The Debasement Tapes
Chris Kraus's disarmingly direct fiction
In Chris Kraus’s novel Torpor (2006), the protagonist Sylvie remarks to an all-male group of intellectuals, including her husband, that there are no women on the list of writers they’re putting together for a cross-cultural literary tour. No one knows any of the “dowdy” lesbians that Sylvie has put forward, so they settle on Kathy Acker. There is little debate. “Of course, thinks Sylvie, if there has to be a woman, Acker would be it. Her books seduce and challenge heterosexual men; her photos just seduce them. . . . Why could the famous artist men be friends, the women just competitors? Was sex still the only passport to success if you were straight and female?”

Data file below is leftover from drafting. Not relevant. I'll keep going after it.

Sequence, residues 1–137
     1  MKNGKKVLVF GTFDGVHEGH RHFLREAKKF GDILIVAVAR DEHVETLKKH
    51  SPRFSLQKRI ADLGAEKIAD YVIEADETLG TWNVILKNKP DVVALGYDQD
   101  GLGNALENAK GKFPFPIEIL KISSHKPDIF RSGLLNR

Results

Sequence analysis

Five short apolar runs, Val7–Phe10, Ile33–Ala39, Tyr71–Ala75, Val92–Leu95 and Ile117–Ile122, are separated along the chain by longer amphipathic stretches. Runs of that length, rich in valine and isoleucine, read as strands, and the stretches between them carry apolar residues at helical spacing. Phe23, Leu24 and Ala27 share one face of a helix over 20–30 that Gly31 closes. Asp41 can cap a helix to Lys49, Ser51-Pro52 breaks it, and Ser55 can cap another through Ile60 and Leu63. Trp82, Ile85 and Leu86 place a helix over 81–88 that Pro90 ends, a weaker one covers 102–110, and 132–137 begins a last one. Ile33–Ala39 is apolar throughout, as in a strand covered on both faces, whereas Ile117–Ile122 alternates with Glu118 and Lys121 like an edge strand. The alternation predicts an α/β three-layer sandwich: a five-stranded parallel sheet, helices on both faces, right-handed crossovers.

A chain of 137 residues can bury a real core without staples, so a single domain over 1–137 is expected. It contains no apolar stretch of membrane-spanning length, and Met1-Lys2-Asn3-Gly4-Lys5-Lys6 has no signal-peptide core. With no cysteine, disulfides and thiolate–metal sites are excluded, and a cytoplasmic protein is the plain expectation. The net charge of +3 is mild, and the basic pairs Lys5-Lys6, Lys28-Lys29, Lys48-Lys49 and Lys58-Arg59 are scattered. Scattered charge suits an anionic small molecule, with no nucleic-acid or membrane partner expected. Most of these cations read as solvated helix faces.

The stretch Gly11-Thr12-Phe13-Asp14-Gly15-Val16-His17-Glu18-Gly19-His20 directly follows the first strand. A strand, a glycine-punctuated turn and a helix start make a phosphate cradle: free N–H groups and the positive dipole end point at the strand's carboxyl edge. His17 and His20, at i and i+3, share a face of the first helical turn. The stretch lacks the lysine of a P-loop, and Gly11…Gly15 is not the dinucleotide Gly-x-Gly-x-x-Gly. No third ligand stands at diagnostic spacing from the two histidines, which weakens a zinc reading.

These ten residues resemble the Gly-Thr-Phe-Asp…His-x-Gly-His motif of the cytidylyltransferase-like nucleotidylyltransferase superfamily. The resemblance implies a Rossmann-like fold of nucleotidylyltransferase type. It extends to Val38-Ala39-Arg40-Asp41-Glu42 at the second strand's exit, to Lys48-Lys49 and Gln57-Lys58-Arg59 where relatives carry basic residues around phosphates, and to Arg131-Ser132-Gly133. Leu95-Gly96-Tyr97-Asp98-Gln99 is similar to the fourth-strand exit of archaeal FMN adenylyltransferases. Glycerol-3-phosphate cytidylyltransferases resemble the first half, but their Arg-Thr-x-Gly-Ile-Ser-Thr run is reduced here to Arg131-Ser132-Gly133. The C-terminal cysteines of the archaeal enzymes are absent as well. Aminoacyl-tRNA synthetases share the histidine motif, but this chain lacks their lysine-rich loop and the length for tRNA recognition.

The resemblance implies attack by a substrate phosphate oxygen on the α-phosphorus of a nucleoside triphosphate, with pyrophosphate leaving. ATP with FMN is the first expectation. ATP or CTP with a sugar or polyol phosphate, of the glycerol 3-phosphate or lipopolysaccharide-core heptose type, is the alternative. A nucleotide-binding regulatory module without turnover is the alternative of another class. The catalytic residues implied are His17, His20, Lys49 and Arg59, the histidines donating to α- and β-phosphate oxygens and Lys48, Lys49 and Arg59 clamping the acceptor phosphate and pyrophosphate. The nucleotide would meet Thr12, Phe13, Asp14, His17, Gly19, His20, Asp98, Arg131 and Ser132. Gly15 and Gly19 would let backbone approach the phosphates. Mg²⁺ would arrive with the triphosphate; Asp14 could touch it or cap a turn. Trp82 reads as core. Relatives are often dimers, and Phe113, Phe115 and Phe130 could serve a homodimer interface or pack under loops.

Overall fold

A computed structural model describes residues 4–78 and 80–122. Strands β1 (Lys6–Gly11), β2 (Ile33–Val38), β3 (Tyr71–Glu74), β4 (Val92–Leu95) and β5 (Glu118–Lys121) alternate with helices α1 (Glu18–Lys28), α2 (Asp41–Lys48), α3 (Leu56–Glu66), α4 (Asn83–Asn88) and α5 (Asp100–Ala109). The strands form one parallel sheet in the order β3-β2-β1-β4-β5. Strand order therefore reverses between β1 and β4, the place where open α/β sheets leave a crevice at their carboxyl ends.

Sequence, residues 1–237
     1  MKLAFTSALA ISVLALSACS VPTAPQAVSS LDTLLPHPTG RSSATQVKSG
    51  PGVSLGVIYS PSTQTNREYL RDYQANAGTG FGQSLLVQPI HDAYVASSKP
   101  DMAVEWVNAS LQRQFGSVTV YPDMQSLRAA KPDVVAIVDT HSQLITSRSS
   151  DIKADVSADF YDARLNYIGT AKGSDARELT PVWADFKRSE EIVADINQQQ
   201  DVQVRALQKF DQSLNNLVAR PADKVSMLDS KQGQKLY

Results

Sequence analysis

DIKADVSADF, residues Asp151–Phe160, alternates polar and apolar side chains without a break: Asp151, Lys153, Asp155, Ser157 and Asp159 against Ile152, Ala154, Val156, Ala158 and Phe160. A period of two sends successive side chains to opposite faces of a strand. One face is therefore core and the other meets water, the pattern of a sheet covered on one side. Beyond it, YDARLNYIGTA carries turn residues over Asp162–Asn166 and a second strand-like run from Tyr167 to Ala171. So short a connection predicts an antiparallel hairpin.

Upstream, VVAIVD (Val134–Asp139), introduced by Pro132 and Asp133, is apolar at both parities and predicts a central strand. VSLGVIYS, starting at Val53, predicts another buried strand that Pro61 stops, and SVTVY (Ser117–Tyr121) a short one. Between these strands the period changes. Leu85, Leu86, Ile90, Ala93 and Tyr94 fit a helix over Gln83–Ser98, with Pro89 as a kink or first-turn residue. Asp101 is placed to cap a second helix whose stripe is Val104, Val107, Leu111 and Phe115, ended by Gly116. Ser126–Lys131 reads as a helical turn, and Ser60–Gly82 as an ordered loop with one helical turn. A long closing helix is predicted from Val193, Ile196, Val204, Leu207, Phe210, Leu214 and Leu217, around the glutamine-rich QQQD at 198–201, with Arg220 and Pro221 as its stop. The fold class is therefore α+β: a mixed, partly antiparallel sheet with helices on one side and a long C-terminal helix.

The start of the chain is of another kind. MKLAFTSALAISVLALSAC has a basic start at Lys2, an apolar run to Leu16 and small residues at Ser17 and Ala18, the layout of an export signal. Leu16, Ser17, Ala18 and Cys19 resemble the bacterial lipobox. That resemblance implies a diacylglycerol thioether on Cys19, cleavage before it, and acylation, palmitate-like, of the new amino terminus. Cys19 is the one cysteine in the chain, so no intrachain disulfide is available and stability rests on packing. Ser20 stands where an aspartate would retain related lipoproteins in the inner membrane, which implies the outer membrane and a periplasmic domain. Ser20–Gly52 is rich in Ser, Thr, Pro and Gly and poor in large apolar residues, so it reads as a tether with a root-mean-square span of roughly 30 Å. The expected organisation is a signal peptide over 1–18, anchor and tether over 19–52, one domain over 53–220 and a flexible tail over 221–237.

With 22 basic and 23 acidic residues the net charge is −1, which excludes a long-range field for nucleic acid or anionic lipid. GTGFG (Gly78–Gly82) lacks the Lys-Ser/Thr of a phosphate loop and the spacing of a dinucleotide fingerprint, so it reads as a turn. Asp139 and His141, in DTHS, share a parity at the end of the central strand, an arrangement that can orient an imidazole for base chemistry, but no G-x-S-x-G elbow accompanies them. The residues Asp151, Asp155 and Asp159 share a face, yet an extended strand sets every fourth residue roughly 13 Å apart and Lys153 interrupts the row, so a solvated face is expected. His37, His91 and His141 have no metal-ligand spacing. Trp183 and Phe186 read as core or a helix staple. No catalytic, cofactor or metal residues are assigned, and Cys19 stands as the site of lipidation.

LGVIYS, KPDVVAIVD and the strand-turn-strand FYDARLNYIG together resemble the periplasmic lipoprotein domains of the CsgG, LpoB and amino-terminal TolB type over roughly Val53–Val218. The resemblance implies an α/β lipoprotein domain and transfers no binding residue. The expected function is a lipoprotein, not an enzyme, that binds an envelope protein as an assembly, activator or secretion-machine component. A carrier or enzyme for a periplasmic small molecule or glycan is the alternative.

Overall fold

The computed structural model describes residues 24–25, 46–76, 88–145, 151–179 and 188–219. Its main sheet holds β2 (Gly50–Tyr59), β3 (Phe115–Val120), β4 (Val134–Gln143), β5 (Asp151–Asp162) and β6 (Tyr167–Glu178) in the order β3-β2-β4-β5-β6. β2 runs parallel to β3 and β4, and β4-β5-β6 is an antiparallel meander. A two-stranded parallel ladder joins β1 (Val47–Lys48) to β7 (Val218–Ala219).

Acker, Sylvie decides, understood that artistic success is based on creating a myth, and “female myths don’t run in groups”—they come as tokens.
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